CHRIS POWELL: How long will Gov. Lamont hold the line on state taxes?

Published on Wednesday, 30 June 2021 20:51
Written by CHRIS POWELL

For months the far-left faction of the Democratic caucuses in the General Assembly, which controlled the legislature this year, sought to raise taxes all over the place and especially on the wealthy and business. The party's leader, Governor Lamont – while derided by lefties as a blue-blooded business magnate – is usually pretty leftist himself, at least with the politically correct posturing, but he blocked those tax increases, since state government is rolling in emergency federal money.

Last week the governor got some vindication as he announced three major business arrivals for Connecticut.

Tobacco company Philip Morris International, which claims to be evolving from tobacco to electronic cigarettes, said it will move its headquarters from New York City to a site in Fairfield County yet to be selected, bringing 200 jobs. For once a business is coming to Connecticut without getting a bribe from state government.

Cigarettes are not the most noble business, but at the behest of the far-left Democrats in the legislature Connecticut is not just purporting to legalize marijuana, contrary to federal law, but also getting into the business itself with licensing, regulation, and, of course, taxing. Also at the behest of the far-left Democrats, state government is legalizing and entering the sports betting business in the same hope of making a lot of money.

Since marijuana and gambling aren't the most noble businesses either, nobody in Connecticut should be sneering at Philip Morris.

The company will pay its business and property taxes and its employees will pay their income taxes, and, since most of them are highly paid, their income taxes will be greater than the taxes paid by those who clamor for higher taxes in the name of “equity.”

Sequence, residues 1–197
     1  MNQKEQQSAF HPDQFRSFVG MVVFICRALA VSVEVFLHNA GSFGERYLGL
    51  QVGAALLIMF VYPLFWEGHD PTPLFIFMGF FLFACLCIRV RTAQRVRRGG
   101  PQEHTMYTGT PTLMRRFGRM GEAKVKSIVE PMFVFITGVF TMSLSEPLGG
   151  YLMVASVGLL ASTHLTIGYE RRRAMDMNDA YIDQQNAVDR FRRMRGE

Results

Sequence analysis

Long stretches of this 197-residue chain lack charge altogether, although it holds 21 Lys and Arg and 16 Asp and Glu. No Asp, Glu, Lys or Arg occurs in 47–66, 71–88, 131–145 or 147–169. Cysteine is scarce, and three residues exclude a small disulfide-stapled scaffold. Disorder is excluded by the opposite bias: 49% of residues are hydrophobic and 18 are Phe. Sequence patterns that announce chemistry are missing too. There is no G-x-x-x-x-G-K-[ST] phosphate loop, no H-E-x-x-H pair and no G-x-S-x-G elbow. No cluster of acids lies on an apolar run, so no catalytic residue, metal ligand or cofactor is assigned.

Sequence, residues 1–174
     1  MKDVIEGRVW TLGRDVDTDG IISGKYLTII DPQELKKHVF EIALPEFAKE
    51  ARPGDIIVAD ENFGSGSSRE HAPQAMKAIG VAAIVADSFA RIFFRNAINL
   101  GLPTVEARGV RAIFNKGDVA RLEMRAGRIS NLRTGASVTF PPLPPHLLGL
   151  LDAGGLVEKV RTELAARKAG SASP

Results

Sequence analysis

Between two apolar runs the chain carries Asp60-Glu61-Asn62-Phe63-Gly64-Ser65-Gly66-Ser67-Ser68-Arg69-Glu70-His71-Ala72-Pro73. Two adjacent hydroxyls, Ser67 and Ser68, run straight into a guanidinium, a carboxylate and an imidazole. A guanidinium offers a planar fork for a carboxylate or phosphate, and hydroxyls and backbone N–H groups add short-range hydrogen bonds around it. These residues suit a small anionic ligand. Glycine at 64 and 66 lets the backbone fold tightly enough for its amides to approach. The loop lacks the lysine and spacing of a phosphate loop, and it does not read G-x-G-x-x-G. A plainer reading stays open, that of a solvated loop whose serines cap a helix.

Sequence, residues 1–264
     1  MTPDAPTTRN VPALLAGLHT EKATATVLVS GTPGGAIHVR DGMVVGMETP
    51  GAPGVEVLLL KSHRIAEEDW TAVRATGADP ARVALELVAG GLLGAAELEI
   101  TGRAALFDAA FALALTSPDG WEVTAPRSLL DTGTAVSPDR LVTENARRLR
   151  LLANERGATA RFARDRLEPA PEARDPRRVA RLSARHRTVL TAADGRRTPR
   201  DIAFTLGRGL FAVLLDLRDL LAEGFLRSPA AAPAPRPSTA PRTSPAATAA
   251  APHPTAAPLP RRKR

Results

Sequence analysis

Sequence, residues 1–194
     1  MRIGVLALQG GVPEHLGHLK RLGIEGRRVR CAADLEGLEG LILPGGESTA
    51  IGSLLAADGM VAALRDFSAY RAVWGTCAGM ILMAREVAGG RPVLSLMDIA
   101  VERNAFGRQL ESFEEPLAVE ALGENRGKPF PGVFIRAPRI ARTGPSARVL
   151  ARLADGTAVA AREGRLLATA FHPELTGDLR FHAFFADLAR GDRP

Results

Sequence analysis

The second business arrival announced by the governor last week was that of financial technology company iCapital, which will open an office in Greenwich, bringing as many as 200 jobs, also likely to be high-paying. If the company achieves the planned level of employment in two years, it will qualify for $2.94 million in subsidies from state government. Such bribes are always objectionable but iCapital's will amount to less than $15,000 per job even as state government often has paid far more.

The third business arrival announced by the governor last week was that of ITT Inc., which will move its headquarters from White Plains, NY, to Stamford, bringing 57 jobs for a bribe of $2 million, or $35,000 per job.

Those subsidies are awful but would Philip Morris, iCapital, and ITT be coming to Connecticut if the far-left Democrats had gotten their way on taxes a few weeks ago? That's unlikely. The companies still are taking a big chance by coming to Connecticut, since state government's huge chronic deficits will reappear when the emergency federal money expires in two years and state government's grossly underfunded pension obligations remain burdensome.

If a Republican is elected governor in 2022, new taxes probably will be avoided. If Lamont is re-elected, the far left in his party will press him hard again to raise taxes, and as the federal money runs out, resisting the far left won't be as easy for him.

But Connecticut's Republicans share the blame for the state's high taxes and weak economy.

For the Republicans have not been very good at articulating the big policy choices. While proposing alternatives risks controversy, the state can't be restored without it.

And too many Connecticut Republicans have stuck with former President Donald Trump, who, while often right about policy, was almost always appalling in his demeanor. Last year Trumpism demolished what had been the growing Republican strength in the General Assembly, as Republicans were defeated even in Republican districts. At least with Democratic state Sen. Alex Kasser resigning last week, her Greenwich-based district likely will return a Republican to the Senate in a special election soon – if Trump can stay out of the campaign.

Trump won't be on the ballot during the state election next year but Connecticut Democrats will run against him all the same. For Trumpism is never going to carry the state. But a Republican platform might gain some votes – if Connecticut Republicans can even remember what a platform is.

Chris Powell is a columnist for the Journal Inquirer in Manchester.



Posted in The Bristol Press, Column on Wednesday, 30 June 2021 20:51. Updated: Wednesday, 30 June 2021 20:54.